Jim: Talk about that guilt and shame that you did experience. I mean, these are behaviors that, of course, growing up in a Christian home is gonna sink the heart of every parent. But speak to your personal experience there about what you really felt. And that was many years ago, I know.

Mary: Yeah.

Jim: But what was it like to go through that experience? And what happened? Where did you go? And...

Mary: Well...

Jim: ...How did you keep it from Mac’s parents?

Mac: Mary’s mom had paranoid schizophrenia.

Jim: Okay.

Mac: So that’s why when she said her dad sat down...

Jim: Yeah.

Mac: ...And told her the story about sex - um, so one day, her mom was in the hospital. Uh, her dad was out of town. We ended up at her house. And it wasn’t planned. Uh, we just ended up there. And the next thing we knew, we were having sex. And it was the first time for both of us. So it wasn’t like she was promiscuous. And I had never had sex before. It just happened because we had too much alone time.

Jim: Right.

Mac: And, again, I think, as a parent, if we could ever tell, uh, parents something that’s useful is it’s Okay to monitor your kids’ time alone with someone of the opposite sex...

Jim: Right. Sure.

Mac: ...You know.

Jim: Feel - feel emboldened to do that.

Mac: You bet. You bet.

Mary: And so afterwards, I mean, immediately, both of us were like what just happened? What did we just do? And so I said, “We can never do that again. You know, I know that was wrong. We shouldn’t have done it.” But then, you know, a couple of days later, Mac’s thinking, you know, let - let’s try that again. (LAUGHS) You know, I was like, “No, no, we’re not doing this anymore.” Well, um, the next month, I didn’t start my period. And I thought, no, there’s no way. I’ve got lots of friends that do this all the time, and they’re not pregnant. So-

Mac: You can’t get pregnant after one time, I mean, surely that...

Mary: And, uh, so I waited four months before I went to a doctor. You talk about being in denial. I just thought if I don’t think this, this is not happening. And so, um, I went to my dad one day, and I said, “Dad, I got something to tell you.” And, um, he was taking a nap on the couch. And I knelt down to him, and I said, “Um, I’m pregnant.” And he just - tears broke out in his eyes. He goes, “I - I knew it. I knew you were.” But he said, “I kept thinking if - if you don’t say it, maybe it’s not true. Maybe I’m just dreaming up in my mind.”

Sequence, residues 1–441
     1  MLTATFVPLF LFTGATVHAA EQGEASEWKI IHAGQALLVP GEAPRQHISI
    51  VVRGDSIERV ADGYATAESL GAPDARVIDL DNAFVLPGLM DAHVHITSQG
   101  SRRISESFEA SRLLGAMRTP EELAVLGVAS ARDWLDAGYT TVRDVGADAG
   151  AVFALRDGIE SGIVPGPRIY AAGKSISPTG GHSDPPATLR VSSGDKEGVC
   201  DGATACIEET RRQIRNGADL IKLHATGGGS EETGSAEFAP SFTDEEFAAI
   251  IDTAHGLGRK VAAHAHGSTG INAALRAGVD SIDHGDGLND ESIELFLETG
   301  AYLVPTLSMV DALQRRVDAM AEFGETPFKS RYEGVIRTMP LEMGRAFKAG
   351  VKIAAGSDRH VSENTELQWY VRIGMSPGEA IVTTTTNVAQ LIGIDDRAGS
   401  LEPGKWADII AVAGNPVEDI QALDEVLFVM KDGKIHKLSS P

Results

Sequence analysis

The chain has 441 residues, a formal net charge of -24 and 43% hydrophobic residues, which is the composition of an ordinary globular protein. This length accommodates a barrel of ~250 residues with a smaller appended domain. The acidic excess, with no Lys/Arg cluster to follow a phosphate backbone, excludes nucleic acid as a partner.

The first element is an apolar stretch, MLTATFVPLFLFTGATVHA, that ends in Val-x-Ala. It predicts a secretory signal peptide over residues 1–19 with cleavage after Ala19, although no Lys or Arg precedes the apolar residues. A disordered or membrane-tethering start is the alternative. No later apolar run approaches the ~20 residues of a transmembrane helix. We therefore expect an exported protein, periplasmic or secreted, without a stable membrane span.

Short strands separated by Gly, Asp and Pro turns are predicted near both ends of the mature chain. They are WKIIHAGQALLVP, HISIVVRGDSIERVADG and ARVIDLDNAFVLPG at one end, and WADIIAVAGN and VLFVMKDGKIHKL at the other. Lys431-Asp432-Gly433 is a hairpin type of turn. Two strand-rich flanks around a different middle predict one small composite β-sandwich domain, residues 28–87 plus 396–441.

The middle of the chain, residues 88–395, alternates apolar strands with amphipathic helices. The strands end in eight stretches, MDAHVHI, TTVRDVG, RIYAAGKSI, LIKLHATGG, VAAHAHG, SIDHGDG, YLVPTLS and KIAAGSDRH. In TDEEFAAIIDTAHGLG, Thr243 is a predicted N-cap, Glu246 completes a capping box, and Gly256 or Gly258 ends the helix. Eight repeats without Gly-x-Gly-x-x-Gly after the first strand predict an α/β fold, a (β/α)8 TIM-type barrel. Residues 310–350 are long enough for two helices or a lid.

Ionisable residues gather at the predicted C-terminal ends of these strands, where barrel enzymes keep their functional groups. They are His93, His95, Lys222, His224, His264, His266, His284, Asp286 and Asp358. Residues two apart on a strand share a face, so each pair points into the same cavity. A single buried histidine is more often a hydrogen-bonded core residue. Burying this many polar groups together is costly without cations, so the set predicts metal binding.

Jim: Hm.

Mary: But he said, “You know what? I’ll love you always. And I’ll do - we’ll do whatever you want to do.” And I said, “Well, I talked to a doctor already, and he knows our family. He knows Mama’s problems. And he said if your mother ever finds out about this, it will put her in a mental institution for the rest of her life.”

Jim: Oh, man.

Mary: And so I told my dad - I said, “Dad, you’re an elder in the church. They’ll kick you out of the church. They’re gonna put me up on stage and tar and feather me.” I said, “I can’t go - I’ve got to give my baby up for adoption. That’s the only option there is.” And he said, “Well, I’ll handle the private adoption.” And so he did. And so I went down. I said, “I can go with my best friend and move in with them and stay with them till the baby’s born.”

Jim: Yeah. My goodness. I mean, the feelings - there’s so many emotions to go through right there. You had shame. You’re in a Christian home, right?

Mary: Yes.

Jim: Um… let me ask you about the friends - I mean, the parents. How did your friends’ parents treat you in that environment? I mean...

Mary: They were so sweet. They were...

Jim: Oh, that’s good.

Mary: Yes, they were good Christians and so sweet. And they just were very welcoming and, um, took...

Jim: They helped you.

Mary: They helped me, yes.

Jim: Yeah.

Mary: They did. They did. And I just stayed in their home and never went anywhere, never went out, you know, into town or anything like that because I wanted to keep it a secret. I thought if I made it this far, I need to make sure I go through with this and this happens.

Jim: Yeah. Mac, drug addiction is really the opening here. And I, you know, I don’t want to keep coming back to that. But describe your life at this time and even though Mary has kind of turned the corner and decided she wants to be healthy, she wants to pursue God, she wants to, you know, have a good family, she’s married you but you’re not responding in the same way, which must have torn your heart up, Mary. I don’t know... You know, you’re in the spot.

Mary: Oh, I would - I would put articles by his side of the bed, you know, hoping he would read them. And I would ask him sometimes - I was like, “What do you think’s going to happen to you if you don’t turn your life around? What’s going to happen if you die? Where do you think you’re gonna go?”

Jim: Wow.

Mary: And - because I just thought he’s got to turn his life around. He is, you know - but I really didn’t know all that he was doing. But I just knew he wasn’t living for God.

Jim: Well, you’re a young wife at this time, I mean, 17?

Mary: Yeah, well...

Jim: Eighteen?

Mac: Eighteen when she got married. Oh, you - yeah, you’d just turned 19...

Mary: I was 19 and...

Mac: ...And I was 18 when we got married.